The two largest cities in Lorain County have collectively lost nearly 6,000 people while the county as a whole added more than 16,000 new residents, according to data released Wednesday by the U.S. Census Bureau.
Census 2010 population figures show that Lorain County has grown by 5.8 percent since 2000 with double-digit percentage point population increases in Avon Lake, North Ridgeville and Avon, whose population jumped 85 percent since 2000.
The county’s largest cities, Lorain and Elyria, have seen population dips of 6.6 percent and 2.5 percent, respectively.
Elyria Mayor Bill Grace calls the drop in population modest over the 10-year period, particularly when the housing crisis that affected urban areas is factored in. Grace said Elyria’s population has only dropped a total of 3.9 percent since 1990.
“We are absolutely not where we would like to be, but compared to all of our peers we are faring better,” he said.
Lorain’s population dropped by 4,500, according to Census 2010, and the number of residents — 64,000 — reflects a drop of 10 percent since 1990, when Census figures estimated the population at 71,245.
Grace said he is optimistic that Elyria can reverse the decline by the 2020 Census, and he bases that hope almost entirely on the state of the Elyria school district.
“With all of the conversations I have with Elyria residents and everything I have read both regionally and locally, schools are the biggest factor of why people move in and out of communities,” he said. “The biggest way to grow our population is to grow our household size and that is largely done by attracting adults with young, school-age children.”
Grace said Elyria draws new residents under the age of 25 and under the age of 5, which he believes can be attributed to young newlyweds moving in with young children. But it loses school-age children and those between 30 and 50 years of age, and then the numbers pick back up for those older than 65.
“Newlyweds come to Elyria because the housing stock is cheap and they can find starter homes at a reasonable price,” he said. “But when they begin looking at high schools — and maybe even middle schools — they move. The promising part of that is we are at least grabbing them because of the low cost of living. Now we have to entice them to stay, and it is easier to get people to stay someplace than it is to attract people to come to a place.”
Superintendent Paul Rigda said he sees the state of Elyria Schools as one of three factors that will influence future growth in Elyria. And, while having quality schools is a very important component, affordable housing and jobs cannot be forgotten.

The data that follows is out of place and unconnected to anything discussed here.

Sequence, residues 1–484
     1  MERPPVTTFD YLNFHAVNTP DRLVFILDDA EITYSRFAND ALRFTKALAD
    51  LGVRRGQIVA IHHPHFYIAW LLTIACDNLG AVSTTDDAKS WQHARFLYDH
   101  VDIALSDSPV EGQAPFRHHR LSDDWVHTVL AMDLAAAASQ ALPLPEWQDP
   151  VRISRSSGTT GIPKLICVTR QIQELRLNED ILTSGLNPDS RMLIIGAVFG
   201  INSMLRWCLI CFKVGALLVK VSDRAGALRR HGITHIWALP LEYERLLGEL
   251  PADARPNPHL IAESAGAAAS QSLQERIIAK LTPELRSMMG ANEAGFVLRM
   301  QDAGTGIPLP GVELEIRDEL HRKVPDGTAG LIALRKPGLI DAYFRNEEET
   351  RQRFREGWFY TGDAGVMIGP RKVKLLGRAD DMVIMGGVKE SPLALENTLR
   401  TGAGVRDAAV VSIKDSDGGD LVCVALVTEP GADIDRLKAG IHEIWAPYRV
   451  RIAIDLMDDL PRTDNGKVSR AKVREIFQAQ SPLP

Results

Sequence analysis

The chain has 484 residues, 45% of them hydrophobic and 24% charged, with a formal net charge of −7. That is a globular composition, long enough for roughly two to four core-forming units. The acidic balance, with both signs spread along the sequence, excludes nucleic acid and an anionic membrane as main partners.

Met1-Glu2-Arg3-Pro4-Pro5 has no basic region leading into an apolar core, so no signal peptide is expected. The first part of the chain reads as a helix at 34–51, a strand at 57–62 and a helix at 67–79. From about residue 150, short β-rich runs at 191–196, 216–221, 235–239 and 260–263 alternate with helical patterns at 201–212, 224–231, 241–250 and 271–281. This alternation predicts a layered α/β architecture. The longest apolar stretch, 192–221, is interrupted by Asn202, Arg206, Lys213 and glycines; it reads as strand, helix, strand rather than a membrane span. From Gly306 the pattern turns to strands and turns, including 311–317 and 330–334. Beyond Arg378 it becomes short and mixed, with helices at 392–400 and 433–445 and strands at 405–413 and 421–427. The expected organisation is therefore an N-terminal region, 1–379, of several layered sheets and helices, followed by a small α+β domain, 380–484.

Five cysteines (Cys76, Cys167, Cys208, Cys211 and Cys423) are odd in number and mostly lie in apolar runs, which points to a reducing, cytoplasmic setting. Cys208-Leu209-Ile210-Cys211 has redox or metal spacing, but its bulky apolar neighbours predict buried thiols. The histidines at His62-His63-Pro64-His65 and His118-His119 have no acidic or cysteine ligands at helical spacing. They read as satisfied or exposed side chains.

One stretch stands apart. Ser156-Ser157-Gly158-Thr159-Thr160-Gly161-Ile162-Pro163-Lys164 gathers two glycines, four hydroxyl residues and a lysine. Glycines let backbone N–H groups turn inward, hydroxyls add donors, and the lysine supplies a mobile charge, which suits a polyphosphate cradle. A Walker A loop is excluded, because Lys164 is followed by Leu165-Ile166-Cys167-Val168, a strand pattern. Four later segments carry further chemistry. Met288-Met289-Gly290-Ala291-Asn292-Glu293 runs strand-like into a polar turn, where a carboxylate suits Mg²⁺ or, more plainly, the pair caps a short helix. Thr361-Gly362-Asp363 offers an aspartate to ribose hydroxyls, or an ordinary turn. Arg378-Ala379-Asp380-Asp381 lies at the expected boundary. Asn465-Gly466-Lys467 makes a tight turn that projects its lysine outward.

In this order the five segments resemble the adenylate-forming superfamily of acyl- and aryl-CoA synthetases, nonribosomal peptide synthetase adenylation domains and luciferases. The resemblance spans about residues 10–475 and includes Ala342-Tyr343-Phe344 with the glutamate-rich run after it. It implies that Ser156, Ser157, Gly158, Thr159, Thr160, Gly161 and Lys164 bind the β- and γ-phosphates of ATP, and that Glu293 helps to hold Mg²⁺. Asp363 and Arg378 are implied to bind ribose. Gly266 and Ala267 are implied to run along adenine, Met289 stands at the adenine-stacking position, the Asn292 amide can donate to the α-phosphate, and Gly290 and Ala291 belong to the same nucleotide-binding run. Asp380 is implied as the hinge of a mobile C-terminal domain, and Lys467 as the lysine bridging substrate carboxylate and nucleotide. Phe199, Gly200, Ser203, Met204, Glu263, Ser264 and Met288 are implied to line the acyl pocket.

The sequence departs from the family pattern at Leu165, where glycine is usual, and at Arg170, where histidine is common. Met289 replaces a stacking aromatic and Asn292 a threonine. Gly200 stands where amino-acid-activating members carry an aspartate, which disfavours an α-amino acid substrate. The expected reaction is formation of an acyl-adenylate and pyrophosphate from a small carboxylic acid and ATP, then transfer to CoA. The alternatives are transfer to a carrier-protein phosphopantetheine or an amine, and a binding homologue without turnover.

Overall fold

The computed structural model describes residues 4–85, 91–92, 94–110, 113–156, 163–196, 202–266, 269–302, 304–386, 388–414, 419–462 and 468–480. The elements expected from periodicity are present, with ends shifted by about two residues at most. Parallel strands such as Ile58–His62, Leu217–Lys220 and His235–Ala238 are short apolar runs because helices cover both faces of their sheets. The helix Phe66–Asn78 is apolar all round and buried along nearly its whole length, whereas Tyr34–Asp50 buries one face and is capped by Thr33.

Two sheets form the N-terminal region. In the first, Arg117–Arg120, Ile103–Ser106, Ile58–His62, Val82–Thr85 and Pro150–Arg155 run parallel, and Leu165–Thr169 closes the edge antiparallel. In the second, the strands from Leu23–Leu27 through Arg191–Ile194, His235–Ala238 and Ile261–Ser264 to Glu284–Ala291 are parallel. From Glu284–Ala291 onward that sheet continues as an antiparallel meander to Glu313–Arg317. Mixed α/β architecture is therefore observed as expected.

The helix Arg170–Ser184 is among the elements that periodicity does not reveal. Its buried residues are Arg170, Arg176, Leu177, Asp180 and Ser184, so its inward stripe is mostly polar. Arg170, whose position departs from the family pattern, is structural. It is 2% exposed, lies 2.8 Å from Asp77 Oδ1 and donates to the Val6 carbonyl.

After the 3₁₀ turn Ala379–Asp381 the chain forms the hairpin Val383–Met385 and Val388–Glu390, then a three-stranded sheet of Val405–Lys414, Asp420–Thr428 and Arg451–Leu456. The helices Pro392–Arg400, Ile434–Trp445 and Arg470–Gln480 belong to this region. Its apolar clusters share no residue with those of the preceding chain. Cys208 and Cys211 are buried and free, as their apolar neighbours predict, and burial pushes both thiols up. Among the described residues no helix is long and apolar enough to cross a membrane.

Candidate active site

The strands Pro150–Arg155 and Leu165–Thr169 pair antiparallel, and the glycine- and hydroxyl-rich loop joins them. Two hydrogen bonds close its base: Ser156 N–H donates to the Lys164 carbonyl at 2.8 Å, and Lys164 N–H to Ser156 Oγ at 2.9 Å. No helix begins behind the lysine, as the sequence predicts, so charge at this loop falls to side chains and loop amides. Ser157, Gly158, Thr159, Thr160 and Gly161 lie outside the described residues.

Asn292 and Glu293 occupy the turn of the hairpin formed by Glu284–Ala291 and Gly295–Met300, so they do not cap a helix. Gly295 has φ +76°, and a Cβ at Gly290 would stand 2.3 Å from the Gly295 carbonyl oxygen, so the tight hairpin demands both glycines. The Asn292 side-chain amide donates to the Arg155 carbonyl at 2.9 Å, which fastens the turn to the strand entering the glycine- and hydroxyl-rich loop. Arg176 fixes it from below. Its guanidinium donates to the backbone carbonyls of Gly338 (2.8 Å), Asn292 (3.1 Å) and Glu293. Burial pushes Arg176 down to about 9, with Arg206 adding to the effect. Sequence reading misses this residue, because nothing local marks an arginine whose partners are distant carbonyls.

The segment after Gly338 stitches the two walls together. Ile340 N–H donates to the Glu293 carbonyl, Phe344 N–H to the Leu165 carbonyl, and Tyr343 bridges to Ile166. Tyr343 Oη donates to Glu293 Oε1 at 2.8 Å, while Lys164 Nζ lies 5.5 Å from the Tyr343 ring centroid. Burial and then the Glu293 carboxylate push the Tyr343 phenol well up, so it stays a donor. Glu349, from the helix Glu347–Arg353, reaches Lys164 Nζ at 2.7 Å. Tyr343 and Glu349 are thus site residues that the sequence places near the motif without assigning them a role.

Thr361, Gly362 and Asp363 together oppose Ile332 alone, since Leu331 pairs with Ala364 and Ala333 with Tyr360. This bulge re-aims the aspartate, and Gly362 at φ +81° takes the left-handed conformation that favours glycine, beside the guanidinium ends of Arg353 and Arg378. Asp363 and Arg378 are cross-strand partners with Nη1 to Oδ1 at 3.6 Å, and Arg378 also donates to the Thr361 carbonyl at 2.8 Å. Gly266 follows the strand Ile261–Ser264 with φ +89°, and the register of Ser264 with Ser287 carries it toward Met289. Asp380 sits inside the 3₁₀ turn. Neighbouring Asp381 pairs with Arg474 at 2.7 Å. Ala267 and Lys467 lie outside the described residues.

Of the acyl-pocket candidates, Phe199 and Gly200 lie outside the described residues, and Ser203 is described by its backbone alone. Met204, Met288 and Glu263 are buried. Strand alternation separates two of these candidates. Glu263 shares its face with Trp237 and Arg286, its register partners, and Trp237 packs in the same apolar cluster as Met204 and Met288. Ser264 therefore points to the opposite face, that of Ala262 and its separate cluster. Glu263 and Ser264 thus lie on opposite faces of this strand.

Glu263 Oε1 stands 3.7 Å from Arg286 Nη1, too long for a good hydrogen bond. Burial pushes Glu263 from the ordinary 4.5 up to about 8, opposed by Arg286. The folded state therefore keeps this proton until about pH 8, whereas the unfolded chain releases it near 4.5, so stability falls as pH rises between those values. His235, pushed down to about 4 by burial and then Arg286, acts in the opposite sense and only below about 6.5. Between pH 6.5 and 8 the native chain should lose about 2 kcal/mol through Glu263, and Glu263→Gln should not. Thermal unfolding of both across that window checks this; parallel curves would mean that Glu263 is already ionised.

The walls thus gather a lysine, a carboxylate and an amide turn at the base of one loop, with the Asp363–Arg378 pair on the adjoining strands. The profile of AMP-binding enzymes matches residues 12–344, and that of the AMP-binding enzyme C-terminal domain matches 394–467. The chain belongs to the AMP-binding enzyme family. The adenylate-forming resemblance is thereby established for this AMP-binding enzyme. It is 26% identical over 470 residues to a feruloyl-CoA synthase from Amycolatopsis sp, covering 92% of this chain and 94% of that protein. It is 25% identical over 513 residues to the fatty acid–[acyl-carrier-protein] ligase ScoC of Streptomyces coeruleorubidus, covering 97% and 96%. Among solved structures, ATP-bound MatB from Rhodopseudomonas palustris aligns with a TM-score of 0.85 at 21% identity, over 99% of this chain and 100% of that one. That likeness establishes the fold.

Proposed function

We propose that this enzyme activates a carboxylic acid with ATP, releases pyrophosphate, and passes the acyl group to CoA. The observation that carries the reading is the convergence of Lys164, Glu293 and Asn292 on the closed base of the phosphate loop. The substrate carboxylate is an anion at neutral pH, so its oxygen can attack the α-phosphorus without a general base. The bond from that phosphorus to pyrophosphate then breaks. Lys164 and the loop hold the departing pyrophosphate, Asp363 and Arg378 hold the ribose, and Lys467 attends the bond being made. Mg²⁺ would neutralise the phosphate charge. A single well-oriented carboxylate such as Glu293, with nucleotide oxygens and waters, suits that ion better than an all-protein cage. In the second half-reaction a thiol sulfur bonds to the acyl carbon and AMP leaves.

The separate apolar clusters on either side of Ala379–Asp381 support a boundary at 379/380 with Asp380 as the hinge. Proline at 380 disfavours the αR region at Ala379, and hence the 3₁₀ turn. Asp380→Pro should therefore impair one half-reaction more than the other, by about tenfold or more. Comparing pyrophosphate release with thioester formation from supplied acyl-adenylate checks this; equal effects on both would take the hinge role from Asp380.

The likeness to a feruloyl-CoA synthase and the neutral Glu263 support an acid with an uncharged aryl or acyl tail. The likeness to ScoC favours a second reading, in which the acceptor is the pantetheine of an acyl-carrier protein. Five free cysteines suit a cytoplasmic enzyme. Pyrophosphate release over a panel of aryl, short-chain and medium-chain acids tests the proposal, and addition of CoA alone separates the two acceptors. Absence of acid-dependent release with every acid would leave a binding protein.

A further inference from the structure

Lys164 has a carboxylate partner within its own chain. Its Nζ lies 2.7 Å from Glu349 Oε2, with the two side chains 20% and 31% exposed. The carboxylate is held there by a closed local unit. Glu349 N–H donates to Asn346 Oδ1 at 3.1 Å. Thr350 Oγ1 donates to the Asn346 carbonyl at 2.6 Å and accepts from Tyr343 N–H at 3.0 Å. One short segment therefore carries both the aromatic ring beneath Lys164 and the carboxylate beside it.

“We are definitely a part of the package like any school district that is successful,” he said. “We need people to appreciate the schools, and we have that. We need affordable places to live, and we have that. But we also need jobs so that people that want to relocate here have a place to work and live. It’s a three-prong solution to the problem.”
Enrollment declines have plagued Elyria Schools for the past 20 years. However, with the start of this school year and the partial opening of the new Elyria High School, Rigda said he sees enrollment leveling off over the next decade.
“I am not an ‘I-told-you-so’ kind of guy, but we told the state that if they gave us the money to build a new high school, we would get the students,” he said. “That has absolutely been the case this year. Unfortunately, this year we had to turn people away from surrounding districts that wanted to go to Elyria Schools because of the high school.”
In Avon Lake, Avon and North Ridgeville, which are all ranked by the state as the top public school districts in the Lorain County, 2010 population figures for the cities showed double-digit increases with Avon leading the way with a 85 percent jump. There, the state rated the district as “Excellent” on the 2009-10 state report card, the most recent report card released.
“Well, it’s the school system,” Avon Mayor Jim Smith said. “Say what you may, but people come here because of the school system. The school system has done such a fantastic job that people just want to get into it.”
In the last 10 years, in response to the population growth, Avon has seen thousands of new homes go up and a commercial and industrial economic explosion. But, Smith said, to determine if the people came because the housing and jobs were in Avon or if the housing and jobs came to Avon because people were moving there is like trying to determine what came first, the chicken or the egg.
“I say that 90 percent of what we do is luck and 10 percent of what we do is not messing up the good luck,” he said. “People come to a community they like, and we have responded to that. We have a full-time Fire Department, which we didn’t have eight years ago. We went from eight patrolmen to 30 plus in that time.”
And, while Avon will likely continue to grow, Smith said the city will not see growth at the same rate again. Five years ago, more than 400 new homes were being built in the city each year. Now, it’s roughly 120 new homes.
“The economy has changed the way people think and the entire way the country operates,” he said. “People are staying in their homes and no longer are thinking that if they move, they have to have new, new, new.”
Contact Lisa Roberson at 329-7121 or firstname.lastname@example.org.